In this article we revisit three themes from previous issues this year—Clinical Legal Education, Approaching Lawyer Well-Being, and Lawyers on the Board—with thought leaders deeply engaged in these subjects to gauge how their respective areas have developed throughout the year 2020. To each respondent, we posed three questions. Their answers may be found below.
On Clinical Legal Education: Daniel L. Nagin
Daniel L. Nagin is a clinical professor of law, vice dean for experiential and clinical education, and faculty director of the WilmerHale Legal Services Center and Veterans Legal Clinic at Harvard Law School.
How have law clinics adjusted to the events of 2020?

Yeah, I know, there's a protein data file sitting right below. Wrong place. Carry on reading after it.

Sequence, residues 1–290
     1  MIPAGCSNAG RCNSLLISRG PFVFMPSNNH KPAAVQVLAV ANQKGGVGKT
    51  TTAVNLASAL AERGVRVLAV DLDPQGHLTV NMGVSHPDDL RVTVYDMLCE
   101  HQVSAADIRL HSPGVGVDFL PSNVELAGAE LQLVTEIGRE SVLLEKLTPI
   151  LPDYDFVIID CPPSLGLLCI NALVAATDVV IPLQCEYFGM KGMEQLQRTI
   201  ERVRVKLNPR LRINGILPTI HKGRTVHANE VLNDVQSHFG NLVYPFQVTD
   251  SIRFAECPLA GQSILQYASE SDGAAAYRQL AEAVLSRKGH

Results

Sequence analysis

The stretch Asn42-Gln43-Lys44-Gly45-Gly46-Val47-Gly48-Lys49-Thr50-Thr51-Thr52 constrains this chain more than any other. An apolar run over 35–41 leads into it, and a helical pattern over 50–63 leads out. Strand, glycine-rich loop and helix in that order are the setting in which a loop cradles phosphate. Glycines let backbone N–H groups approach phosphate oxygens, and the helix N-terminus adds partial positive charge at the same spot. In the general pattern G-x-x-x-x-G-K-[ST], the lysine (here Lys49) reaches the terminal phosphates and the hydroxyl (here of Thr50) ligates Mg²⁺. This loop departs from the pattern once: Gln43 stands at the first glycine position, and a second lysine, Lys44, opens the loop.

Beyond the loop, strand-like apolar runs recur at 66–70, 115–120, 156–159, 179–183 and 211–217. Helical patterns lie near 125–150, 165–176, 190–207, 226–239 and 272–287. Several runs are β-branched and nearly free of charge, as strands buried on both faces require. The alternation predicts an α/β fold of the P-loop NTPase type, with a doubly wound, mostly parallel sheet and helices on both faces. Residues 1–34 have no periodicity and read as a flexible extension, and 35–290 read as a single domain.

This past year has highlighted the centrality of law and lawyers—and hence clinics—to the most pressing issues we face as a society. Law school clinics do far more than provide a vehicle for students to acquire skills. Clinics permit students to recognize firsthand the awesome power that inheres in our legal system and that gives lawyers a unique role in shaping and re-shaping it. Such power and privilege, clinics also teach, must be accompanied by a responsibility to others, including especially those who are most vulnerable. Whether working on criminal justice reform, health law and policy, the rights of asylum seekers, or countless other issues, clinic students have been able to engage the colliding crises of our time and endeavor to remake the world for the better. Clinics have always promoted the profession’s duty to the larger society. This year, that public service ethos—and the bonds of mutuality between the profession and the public—has energized law students and clinics in particularly profound ways.